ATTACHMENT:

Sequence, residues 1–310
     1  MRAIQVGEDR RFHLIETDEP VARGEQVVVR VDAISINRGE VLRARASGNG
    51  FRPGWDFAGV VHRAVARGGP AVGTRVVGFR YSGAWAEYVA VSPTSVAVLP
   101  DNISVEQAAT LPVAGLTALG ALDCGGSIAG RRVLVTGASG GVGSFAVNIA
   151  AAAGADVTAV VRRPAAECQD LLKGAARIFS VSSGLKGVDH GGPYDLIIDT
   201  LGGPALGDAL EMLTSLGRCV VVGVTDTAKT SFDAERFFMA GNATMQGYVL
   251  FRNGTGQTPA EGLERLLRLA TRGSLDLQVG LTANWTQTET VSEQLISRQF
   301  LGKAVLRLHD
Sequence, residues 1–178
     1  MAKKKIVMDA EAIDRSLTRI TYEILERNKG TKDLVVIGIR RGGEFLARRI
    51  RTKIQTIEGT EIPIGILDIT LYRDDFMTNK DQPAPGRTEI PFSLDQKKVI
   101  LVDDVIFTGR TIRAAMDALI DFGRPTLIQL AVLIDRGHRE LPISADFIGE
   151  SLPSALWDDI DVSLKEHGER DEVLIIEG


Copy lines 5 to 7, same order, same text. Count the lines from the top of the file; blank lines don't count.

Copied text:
   151  AAAGADVTAV VRRPAAECQD LLKGAARIFS VSSGLKGVDH GGPYDLIIDT
   201  LGGPALGDAL EMLTSLGRCV VVGVTDTAKT SFDAERFFMA GNATMQGYVL
   251  FRNGTGQTPA EGLERLLRLA TRGSLDLQVG LTANWTQTET VSEQLISRQF